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Young, telegenic and Hispanic, Marco Rubio was talked about as a future presidential candidate within days of his election to the Senate in 2010. That buzz has died down over the past four years, as have Rubio’s ties to the tea party movement, but his entry into the 2016 race for the White House puts him into the top tier of Republican contenders.
Industry representatives and key lawmakers plan market studies, polls of Americans’ views and incremental moves on exports to sway public opinion in favor of allowing crude oil exports.
While industry seeks to move forward with nuclear technology, the Energy Department has been reluctant to embrace what it sees as another potential boondoggle.
In a world of low oil prices and cheap natural gas, the prospects of developing new nuclear technology seem to remain ever in the future, beyond market and regulatory barriers.
While many observers have praised Mexico’s move to privatize its energy sector, not everyone has embraced the changes.
While pressure to expedite U.S. government approval of liquefied natural gas exports continues, capacity to send natural gas to Mexico just expanded.
The EPA’s proposed ozone restrictions would affect about a dozen states if the agency adopts the most modest end of the range it’s considering and extend to more than 30 states if it opts for the more stringent requirements.
While Asian markets for liquefied natural gas are expected to grow, with increased shipments to Southeast Asia and India, future demand in China is highly variable, according to market analysts.
Some members of Congress continue to push for increased exports of liquefied natural gas, trying to make a simplified narrative out of complex market factors.
As the Commerce Department moves to allow companies to export mildly processed ultralight oil known as condensate, is there a global market? Yes, and it is principally in Asia, experts say.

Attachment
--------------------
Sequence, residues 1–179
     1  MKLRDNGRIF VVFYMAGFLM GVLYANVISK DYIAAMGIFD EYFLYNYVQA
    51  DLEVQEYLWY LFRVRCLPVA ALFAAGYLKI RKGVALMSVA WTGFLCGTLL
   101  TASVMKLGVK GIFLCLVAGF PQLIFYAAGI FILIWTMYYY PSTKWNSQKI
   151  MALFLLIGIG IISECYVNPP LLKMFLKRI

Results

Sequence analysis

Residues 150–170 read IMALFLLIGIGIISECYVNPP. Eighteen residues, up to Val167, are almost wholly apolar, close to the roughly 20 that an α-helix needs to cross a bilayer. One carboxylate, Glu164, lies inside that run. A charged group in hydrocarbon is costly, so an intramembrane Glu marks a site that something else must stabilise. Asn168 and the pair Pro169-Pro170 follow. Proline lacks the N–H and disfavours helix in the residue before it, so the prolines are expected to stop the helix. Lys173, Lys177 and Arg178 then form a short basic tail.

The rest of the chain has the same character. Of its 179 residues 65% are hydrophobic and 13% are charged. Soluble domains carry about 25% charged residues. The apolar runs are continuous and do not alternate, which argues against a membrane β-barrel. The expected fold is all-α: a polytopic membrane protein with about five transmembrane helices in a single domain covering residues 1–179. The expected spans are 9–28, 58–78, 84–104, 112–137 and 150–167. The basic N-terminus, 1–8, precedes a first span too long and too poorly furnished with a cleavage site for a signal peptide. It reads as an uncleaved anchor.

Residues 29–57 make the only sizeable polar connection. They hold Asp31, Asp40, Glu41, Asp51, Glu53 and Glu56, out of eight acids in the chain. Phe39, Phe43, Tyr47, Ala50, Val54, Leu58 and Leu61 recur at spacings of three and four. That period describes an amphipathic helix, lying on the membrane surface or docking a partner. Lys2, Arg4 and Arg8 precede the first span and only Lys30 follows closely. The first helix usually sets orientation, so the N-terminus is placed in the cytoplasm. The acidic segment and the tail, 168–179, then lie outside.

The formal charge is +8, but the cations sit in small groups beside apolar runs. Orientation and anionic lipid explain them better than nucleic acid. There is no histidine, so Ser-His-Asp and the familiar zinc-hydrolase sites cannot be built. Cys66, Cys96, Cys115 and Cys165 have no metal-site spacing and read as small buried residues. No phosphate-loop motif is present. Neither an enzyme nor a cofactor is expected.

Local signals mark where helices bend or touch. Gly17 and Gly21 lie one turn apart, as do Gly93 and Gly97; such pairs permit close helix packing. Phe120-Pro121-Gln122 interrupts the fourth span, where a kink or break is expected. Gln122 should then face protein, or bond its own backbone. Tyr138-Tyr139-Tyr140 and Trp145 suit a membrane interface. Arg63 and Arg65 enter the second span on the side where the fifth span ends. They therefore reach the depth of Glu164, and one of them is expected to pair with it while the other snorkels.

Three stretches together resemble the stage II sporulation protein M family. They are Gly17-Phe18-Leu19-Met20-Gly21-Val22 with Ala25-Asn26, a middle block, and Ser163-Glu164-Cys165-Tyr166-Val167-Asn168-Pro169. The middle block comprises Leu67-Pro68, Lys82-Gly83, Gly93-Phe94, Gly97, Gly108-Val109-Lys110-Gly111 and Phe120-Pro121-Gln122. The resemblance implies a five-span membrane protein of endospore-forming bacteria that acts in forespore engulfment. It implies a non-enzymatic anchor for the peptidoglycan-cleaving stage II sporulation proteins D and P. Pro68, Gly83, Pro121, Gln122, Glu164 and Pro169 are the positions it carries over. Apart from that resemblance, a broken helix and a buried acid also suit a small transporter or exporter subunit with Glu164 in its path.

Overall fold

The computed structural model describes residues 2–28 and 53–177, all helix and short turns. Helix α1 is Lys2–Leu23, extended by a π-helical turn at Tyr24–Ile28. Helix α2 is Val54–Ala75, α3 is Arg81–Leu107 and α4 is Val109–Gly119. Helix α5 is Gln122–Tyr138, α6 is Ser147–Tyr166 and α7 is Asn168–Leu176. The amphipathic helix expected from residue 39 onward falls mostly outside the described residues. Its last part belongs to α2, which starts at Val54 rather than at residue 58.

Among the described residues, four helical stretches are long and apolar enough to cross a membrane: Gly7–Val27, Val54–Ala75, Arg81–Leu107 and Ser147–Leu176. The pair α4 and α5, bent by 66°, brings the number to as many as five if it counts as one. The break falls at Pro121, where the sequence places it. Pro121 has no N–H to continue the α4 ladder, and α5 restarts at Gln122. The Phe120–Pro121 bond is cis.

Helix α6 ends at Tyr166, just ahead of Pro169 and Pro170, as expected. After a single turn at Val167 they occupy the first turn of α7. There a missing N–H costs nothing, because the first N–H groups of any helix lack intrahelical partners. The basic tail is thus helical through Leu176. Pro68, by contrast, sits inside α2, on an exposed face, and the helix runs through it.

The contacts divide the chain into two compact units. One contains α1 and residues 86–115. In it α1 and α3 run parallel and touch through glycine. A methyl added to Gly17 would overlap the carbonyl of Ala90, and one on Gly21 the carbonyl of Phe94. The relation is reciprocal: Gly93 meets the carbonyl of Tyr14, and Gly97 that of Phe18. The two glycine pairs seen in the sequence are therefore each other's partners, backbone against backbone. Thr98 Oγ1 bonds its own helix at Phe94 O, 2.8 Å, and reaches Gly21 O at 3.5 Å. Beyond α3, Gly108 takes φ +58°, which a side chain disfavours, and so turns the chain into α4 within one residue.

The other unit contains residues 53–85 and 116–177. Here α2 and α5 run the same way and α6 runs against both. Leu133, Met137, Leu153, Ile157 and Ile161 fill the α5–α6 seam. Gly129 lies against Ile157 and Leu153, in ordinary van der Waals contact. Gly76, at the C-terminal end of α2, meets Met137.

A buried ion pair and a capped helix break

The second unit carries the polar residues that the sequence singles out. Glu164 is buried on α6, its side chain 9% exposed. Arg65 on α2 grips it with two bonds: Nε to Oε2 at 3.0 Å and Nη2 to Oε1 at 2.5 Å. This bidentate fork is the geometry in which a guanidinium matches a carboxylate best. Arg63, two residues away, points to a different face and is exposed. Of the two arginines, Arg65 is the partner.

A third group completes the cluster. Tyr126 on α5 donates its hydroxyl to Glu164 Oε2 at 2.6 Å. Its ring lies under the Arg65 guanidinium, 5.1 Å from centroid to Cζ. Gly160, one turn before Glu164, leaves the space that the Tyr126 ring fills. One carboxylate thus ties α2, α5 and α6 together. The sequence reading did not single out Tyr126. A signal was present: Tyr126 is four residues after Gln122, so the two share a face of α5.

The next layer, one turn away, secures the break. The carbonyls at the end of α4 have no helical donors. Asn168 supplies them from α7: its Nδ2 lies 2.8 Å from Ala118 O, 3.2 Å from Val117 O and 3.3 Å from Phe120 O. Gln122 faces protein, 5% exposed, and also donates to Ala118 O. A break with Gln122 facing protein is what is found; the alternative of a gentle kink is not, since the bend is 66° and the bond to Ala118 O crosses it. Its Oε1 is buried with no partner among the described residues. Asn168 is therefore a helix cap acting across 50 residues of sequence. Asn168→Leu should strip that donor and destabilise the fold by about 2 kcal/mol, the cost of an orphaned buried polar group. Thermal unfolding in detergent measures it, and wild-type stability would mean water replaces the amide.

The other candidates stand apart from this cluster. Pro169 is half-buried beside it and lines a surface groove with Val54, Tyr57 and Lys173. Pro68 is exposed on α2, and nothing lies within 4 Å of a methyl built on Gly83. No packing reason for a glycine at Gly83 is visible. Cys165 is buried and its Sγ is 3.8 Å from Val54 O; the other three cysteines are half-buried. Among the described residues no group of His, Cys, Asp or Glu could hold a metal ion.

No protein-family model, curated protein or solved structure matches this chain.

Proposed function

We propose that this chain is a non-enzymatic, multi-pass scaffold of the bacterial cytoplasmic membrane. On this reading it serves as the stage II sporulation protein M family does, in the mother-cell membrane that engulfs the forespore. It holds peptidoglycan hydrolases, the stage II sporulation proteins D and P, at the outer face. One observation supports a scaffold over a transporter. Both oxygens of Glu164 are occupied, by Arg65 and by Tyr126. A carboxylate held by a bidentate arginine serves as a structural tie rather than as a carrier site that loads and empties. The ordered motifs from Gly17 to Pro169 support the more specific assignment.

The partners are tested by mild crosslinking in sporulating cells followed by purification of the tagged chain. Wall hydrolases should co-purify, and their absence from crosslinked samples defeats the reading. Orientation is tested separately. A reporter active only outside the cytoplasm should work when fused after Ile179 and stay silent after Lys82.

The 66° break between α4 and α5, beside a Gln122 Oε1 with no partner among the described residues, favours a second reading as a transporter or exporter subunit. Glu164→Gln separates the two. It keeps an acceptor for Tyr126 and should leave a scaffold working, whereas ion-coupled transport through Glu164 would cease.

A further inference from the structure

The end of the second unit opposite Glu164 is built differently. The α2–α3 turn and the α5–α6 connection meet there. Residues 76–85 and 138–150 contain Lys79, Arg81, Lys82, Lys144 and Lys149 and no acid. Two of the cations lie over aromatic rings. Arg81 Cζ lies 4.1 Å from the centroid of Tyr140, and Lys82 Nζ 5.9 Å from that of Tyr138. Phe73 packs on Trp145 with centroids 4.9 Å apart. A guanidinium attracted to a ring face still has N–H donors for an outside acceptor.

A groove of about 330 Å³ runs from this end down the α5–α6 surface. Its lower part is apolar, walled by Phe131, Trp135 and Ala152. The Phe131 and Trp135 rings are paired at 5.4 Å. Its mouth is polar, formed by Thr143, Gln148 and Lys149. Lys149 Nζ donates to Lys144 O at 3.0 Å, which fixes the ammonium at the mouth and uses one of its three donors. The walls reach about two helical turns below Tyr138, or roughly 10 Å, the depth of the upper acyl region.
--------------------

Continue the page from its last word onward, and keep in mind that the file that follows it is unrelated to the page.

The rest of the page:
Despite soaring U.S. oil production in recent years, the prospect of relaxing the 1970s ban on crude oil exports has looked as faint as ever. Last week, though, it was a central subject at an Energy Department conference.
Congressional efforts to keep gasoline prices low are missing the big picture, says the head of the International Energy Agency.
While fossil fuel production from federal lands and waters has been decreasing overall, oil production from American Indian lands has tripled in recent years. That increase is largely due to hydrofracturing on the Fort Berthold Indian Reservation, which lays on the oil-rich Bakken shale formation in the upper Midwest, the Energy Information Administration reported last month.
While North Dakota takes steps to limit the volume of natural gas that is being burned off, or “flared,” in its rapidly expanding oil fields, the problem, which has caught the attention of Congress, is far worse on the state’s American Indian land — where regulation is more difficult.
On July 16, 1979, the earthen dam at the southern holding pond, or cell, of the United Nuclear Corporation’s uranium mill in New Mexico failed, sending tons of contaminated mine tailings and millions of gallons of acidic liquid into an adjoining arroyo and down the Puerco River.
Much of the uranium for Cold War weapons and the nation’s once-burgeoning nuclear power industry was mined on or near Navajo land in Arizona and New Mexico, and it left behind contamination.
European countries seeking to ease their dependence on Russian natural gas may discover that their salvation lies deep beneath their native soil.
The debate about lifting 1970s restrictions on crude oil exports has renewed another old fight over a 1920 maritime law known as the Jones Act.
The debate over lifting the nation’s restrictions on exporting crude oil centers on refinery capacity and the types of available crude, complexities that could shift if the Keystone XL pipeline is approved.
Wading into a dispute over federal land use that dates back to the days of homesteaders and miners, Congress is looking to overhaul the process of assessing fees for private vacation cabins and houses on national forest land.